By contrast, the global leading multinationals – the world’s biggest corporations – listed based on market capitalisation, as at 2016, have their operations spanning through a broad spectrum of areas of specialisation, producing specialty products or rendering various services in specialised chemicals, personal care products, healthcare and pharmaceuticals, biotech, equipment, IT, semiconductors, computer hardware, software programming, specialty products, business and personal services, hotels, conglomerates, maritime, aviation, financials, energy, electronics, industrials and telecoms. They include Accenture, Alphabet, Amazon, Apple, Berkshire Hathaway, China Mobile, Emirates, Exxon Mobil, Facebook, General Electric, Goldman Sachs, Microsoft, Johnson & Johnson and Maersk, among others. By their operations, they brought to light the assertions of Jonathan Haskel and Stian Westlake, authors of a recently published book known as “Capitalism without Capital.”
Haskel and Westlake, inadvertently drew sharp contrasts between the rich and poor entities, a logic that can be applied here. These multinationals, many of which produce only knowledge-based outputs (and some, physical outputs), have budgets that exceed those of many small countries. Moreover, these multinational corporations are sometimes referred to as transnational, international or stateless corporations, deriving at least a quarter of their revenues outside their home country. Many multinationals are based in developed nations.
The Fortune Global 500 List, containing the 10 largest multinational corporations in the world as of mid-2018 consolidated revenue, revealed Walmart as getting $500.34 billion, State Grid $348.90 billion, Sinopec Group $326.95 billion, China National Petroleum $326.01 billion, Royal Dutch Shell $311.87 billion, Toyota Motor $265.17 billion, Volkswagen $260.03 billion, BP $244.58 billion, ExxonMobil $244.36 billion), and Berkshire Hathaway $242.14 billion. These corporations don’t employ millions of workers, yet not a single country in Africa could match even the least of them in terms of revenues. Accenture, one of the multinationals, has roughly 373,000 employees scattered across more than 200 cities in 55 countries. Yet it boasts of revenues that some small nations hardly get. It means the multinationals are by far richer and bigger in terms of economy than many countries lumped together. In 2017, South Africa’s and Kenya’s revenues stood at meagre $92.86 and $13.95 respectively. These pale into insignificance when compared with any of these corporations’ revenues about the same period.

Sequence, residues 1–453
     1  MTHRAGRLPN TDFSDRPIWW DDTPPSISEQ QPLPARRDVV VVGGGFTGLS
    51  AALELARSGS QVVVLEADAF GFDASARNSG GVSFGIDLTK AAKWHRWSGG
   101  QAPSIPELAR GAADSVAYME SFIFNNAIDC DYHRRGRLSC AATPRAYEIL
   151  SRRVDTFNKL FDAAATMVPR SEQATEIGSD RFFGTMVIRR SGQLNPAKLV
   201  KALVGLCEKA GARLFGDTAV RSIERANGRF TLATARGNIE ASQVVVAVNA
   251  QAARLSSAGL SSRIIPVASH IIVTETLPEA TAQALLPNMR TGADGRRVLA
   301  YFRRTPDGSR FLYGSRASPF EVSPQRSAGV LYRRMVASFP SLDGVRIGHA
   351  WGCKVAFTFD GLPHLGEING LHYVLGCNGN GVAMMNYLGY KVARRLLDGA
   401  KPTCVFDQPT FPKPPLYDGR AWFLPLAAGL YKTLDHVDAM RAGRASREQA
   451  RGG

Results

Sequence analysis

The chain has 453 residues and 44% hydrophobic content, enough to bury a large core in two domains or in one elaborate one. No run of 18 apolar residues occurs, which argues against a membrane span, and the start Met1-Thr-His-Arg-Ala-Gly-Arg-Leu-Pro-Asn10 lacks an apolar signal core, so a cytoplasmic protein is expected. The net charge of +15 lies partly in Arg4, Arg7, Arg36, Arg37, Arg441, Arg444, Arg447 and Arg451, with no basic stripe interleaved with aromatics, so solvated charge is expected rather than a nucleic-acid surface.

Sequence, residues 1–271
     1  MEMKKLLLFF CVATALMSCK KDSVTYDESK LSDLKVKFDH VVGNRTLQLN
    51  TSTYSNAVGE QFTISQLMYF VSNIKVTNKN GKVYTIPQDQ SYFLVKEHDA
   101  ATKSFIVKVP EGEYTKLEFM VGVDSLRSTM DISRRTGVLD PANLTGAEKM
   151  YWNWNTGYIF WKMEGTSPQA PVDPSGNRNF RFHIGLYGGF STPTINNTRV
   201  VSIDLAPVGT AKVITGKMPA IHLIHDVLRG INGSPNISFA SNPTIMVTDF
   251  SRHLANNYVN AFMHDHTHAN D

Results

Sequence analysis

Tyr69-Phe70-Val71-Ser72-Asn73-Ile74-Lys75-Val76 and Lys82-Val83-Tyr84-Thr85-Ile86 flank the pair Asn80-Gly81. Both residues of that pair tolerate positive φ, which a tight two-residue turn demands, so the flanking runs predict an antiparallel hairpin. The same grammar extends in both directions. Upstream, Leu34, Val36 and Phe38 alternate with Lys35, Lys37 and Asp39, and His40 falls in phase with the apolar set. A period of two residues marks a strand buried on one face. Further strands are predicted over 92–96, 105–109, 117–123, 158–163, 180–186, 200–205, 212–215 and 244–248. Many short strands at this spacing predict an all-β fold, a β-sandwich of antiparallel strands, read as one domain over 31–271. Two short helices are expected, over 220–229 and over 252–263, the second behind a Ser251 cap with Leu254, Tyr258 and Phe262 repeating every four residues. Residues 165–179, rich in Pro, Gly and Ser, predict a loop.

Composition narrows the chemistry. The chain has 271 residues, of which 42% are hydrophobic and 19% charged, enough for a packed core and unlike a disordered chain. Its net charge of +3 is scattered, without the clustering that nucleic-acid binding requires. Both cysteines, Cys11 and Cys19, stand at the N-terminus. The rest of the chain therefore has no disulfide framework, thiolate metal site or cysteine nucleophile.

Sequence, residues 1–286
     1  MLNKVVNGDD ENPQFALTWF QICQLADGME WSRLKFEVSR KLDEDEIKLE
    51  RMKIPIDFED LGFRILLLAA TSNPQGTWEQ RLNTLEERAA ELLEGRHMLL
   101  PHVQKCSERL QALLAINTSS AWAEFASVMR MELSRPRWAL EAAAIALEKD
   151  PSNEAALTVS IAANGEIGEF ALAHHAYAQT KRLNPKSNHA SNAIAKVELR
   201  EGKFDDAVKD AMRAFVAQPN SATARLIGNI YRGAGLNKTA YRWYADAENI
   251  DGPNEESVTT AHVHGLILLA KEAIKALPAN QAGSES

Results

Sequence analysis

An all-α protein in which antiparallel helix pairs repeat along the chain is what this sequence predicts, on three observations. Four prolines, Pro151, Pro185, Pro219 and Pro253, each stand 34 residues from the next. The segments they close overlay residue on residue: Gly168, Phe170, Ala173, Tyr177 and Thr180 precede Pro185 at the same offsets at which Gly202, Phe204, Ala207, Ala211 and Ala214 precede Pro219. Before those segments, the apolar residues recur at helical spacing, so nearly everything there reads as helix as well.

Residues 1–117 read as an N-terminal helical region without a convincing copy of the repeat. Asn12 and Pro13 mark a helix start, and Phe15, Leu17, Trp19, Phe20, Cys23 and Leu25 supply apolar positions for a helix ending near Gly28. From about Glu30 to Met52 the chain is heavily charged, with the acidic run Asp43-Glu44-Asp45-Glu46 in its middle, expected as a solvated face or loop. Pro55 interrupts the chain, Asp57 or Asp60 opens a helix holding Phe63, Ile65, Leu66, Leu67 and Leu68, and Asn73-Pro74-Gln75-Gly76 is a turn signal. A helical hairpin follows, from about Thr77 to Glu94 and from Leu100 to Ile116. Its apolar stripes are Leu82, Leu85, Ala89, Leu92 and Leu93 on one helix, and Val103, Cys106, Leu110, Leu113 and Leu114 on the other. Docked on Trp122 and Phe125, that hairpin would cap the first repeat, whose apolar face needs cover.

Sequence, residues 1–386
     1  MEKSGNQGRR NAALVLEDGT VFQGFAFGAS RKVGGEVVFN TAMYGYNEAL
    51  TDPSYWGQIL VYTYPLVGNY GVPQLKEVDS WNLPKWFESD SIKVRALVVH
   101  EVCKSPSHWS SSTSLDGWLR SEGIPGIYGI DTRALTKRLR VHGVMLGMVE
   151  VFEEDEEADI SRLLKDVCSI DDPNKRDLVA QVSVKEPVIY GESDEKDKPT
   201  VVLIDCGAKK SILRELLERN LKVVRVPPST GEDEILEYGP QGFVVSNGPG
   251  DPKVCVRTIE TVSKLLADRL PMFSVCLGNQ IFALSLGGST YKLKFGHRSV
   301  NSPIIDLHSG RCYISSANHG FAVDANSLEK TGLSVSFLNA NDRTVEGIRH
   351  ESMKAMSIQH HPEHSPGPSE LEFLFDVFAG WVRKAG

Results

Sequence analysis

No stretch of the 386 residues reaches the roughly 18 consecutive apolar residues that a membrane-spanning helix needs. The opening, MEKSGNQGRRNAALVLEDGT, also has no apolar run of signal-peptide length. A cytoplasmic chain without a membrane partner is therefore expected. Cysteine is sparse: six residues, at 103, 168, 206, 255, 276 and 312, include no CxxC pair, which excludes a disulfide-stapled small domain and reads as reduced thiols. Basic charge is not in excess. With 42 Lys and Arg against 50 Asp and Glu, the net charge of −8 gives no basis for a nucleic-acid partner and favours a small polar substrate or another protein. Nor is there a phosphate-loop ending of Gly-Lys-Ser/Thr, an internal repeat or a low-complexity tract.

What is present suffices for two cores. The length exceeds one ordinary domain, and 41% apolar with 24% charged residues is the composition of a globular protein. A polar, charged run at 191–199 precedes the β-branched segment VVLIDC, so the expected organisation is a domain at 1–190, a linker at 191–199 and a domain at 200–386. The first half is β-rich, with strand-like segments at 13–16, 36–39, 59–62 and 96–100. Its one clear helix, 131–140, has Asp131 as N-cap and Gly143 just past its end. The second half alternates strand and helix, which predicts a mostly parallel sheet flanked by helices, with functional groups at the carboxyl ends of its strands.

Further details about a comprehensive list of the world’s largest and most powerful public companies as measured by revenues, profits, assets and market value can be gleaned from Forbes Global 2000. Various companies’ ranking by market capitalisation, as done by PwC Global Top 100 could be helpful for further comparison. The unsettling realities about the disparities of income between multinational corporations and African countries are that almost entirely all of the former are in industrialised countries. These multinationals exist as revenue generators in addition to the governments’ official revenues. Their existence creates the ambience for the formal sector to thrive. They are veritable incubators of great ideas and business prospects and they earn the respect and recognition by the governments of their home countries and abroad. If Africa is adjudged poor, it may be needless looking elsewhere for explanations after going considering these and foregoing scenarios. It means the prospects of Africa’s prosperity and economic growth lies in thriving and successful private businesses, with favourable operating environment.